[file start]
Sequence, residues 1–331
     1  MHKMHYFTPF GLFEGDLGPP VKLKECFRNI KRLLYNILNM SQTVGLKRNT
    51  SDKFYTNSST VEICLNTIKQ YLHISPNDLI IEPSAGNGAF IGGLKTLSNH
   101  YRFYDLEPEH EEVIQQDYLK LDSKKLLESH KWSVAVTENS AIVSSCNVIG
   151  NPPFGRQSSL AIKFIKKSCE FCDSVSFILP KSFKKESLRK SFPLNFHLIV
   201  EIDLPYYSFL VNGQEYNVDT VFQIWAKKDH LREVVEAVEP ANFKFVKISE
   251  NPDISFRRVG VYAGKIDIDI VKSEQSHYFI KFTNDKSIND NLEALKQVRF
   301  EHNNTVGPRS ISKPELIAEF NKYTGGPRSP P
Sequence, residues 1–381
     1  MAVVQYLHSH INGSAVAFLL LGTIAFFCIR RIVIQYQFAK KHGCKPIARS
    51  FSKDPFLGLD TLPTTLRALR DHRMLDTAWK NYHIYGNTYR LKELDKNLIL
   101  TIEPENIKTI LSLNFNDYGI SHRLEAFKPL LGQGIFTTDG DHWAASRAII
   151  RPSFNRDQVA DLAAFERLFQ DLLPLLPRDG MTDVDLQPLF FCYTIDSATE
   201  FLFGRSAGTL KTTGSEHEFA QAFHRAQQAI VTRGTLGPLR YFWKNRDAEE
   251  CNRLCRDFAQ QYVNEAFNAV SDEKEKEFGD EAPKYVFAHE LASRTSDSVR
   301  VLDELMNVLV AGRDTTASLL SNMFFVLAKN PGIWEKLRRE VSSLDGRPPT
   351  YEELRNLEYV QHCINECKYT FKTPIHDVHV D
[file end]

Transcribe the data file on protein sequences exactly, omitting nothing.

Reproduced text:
Sequence, residues 1–331
     1  MHKMHYFTPF GLFEGDLGPP VKLKECFRNI KRLLYNILNM SQTVGLKRNT
    51  SDKFYTNSST VEICLNTIKQ YLHISPNDLI IEPSAGNGAF IGGLKTLSNH
   101  YRFYDLEPEH EEVIQQDYLK LDSKKLLESH KWSVAVTENS AIVSSCNVIG
   151  NPPFGRQSSL AIKFIKKSCE FCDSVSFILP KSFKKESLRK SFPLNFHLIV
   201  EIDLPYYSFL VNGQEYNVDT VFQIWAKKDH LREVVEAVEP ANFKFVKISE
   251  NPDISFRRVG VYAGKIDIDI VKSEQSHYFI KFTNDKSIND NLEALKQVRF
   301  EHNNTVGPRS ISKPELIAEF NKYTGGPRSP P
Sequence, residues 1–381
     1  MAVVQYLHSH INGSAVAFLL LGTIAFFCIR RIVIQYQFAK KHGCKPIARS
    51  FSKDPFLGLD TLPTTLRALR DHRMLDTAWK NYHIYGNTYR LKELDKNLIL
   101  TIEPENIKTI LSLNFNDYGI SHRLEAFKPL LGQGIFTTDG DHWAASRAII
   151  RPSFNRDQVA DLAAFERLFQ DLLPLLPRDG MTDVDLQPLF FCYTIDSATE
   201  FLFGRSAGTL KTTGSEHEFA QAFHRAQQAI VTRGTLGPLR YFWKNRDAEE
   251  CNRLCRDFAQ QYVNEAFNAV SDEKEKEFGD EAPKYVFAHE LASRTSDSVR
   301  VLDELMNVLV AGRDTTASLL SNMFFVLAKN PGIWEKLRRE VSSLDGRPPT
   351  YEELRNLEYV QHCINECKYT FKTPIHDVHV D